Experience with much memory

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Experience with much memory

Gergely Buday
Hi there,

are there experience reports on using Erlang/Elixir on systems with 200 GB of memory and more?

If you have a first-hand account on that, please share it with me.

My friends are doing that and said that only C++ was capable of handling that.

- Gergely

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Re: Experience with much memory

Jack Tang
It is complex question. You should locate who hold the memory first :)
Below codes might help you to locate the process / ets

```
applications_memory() ->
    try application:which_applications() of
        Apps ->
            lists:map(
              fun({AppName, _, _}) ->
                      Mem = application_memory(AppName),
                      {AppName, Mem}
              end, Apps)
    catch
        _:Exception ->
            error_logger:error_msg("[~p] get application memory failed ~p", [?MODULE, Exception]),
            undefined
    end.

application_memory(App) ->
    case  application_controller:get_master(App) of
        Master when is_pid(Master) ->
            {Root, Name} = application_master:get_child(Master),
            {Memory, Children} = memory_info(Root),
            {Name, Memory div 1000000, Children};
        _ ->
            undefined
    end.

memory_info(Sup) ->
    Infos = supervisor:which_children(Sup),
    {M, E, ES} =
    lists:foldl(
      fun({Name, PId, Type, _}, {Total, Memories, MemorySets}) ->
              case Type of
                  worker ->
                      {memory, Memory} = process_info(PId, memory),
                      NTotal = Total + Memory,
                      case Name of
                          undefined ->
                              NMemorySets =
                                  case gb_sets:size(MemorySets) of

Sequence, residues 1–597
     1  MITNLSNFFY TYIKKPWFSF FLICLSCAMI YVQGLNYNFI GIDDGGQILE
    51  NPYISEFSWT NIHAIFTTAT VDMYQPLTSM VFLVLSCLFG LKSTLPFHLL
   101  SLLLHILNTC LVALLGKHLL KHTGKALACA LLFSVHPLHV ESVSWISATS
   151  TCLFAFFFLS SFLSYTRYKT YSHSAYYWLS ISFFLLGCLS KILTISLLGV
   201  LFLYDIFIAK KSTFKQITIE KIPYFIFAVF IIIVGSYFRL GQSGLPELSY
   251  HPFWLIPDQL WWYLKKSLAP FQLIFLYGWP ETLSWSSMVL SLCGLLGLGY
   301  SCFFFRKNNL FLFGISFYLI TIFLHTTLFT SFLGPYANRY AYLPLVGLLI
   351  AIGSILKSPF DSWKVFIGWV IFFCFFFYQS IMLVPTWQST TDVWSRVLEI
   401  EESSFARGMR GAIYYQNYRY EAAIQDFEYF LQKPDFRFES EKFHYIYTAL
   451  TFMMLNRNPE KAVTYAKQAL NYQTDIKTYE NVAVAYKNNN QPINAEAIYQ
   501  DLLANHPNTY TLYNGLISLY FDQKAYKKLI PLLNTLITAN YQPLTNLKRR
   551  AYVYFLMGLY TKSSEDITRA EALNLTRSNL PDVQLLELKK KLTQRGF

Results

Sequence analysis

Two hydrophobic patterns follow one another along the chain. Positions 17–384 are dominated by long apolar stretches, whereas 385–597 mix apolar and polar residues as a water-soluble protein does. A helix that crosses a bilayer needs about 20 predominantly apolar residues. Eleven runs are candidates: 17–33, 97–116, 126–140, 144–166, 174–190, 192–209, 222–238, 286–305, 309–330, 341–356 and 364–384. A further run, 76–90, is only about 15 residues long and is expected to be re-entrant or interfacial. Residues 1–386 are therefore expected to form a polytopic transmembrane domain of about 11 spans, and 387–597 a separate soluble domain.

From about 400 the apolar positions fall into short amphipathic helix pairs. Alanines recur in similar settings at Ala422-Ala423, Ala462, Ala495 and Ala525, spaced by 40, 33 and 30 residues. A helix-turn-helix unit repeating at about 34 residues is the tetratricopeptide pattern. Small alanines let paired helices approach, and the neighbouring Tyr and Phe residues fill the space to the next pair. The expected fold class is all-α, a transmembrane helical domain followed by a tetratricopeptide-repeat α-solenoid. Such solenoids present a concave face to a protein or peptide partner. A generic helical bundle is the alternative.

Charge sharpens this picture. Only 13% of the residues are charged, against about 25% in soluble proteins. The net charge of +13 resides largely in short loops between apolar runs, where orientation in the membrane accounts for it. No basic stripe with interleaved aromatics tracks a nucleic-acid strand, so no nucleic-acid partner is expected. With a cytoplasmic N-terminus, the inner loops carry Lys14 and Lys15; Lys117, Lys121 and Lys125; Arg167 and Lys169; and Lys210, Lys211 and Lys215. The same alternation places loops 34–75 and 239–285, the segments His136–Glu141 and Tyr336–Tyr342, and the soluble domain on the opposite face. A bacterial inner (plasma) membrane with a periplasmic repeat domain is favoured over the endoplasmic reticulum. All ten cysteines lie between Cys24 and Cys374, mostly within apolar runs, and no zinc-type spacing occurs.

Size when Size > 10 ->
                                          {_, NSets} =
                                              gb_sets:take_smallest(MemorySets),
                                          NSets;
                                      _ ->
                                          MemorySets
                                  end,
                              NNMemorySets = gb_sets:insert(
                                              {undefined, Memory, PId}, NMemorySets),
                              {NTotal, Memories, NNMemorySets};
                          Name ->
                                  {NTotal, [{Name, Memory, PId}|Memories], MemorySets}
                      end;
                  supervisor ->
                      {Memory, Each} = memory_info(PId),
                      NTotal = Total + Memory,

                      {NTotal, [{Name, {Memory, Each}, PId}|Memories], MemorySets}
              end
      end, {0, [], gb_sets:new()}, Infos),
    NE =
        case E of
            [] ->
                gb_sets:to_list(ES);
            _ ->
                E
        end,
    NNE = lists:map(
              fun({N, Mem, PId}) ->
                      case Mem of
                          Mem when is_integer(Mem) ->
                              {N, Mem div 1000000, undefined, PId};
                          {T, RestEach} ->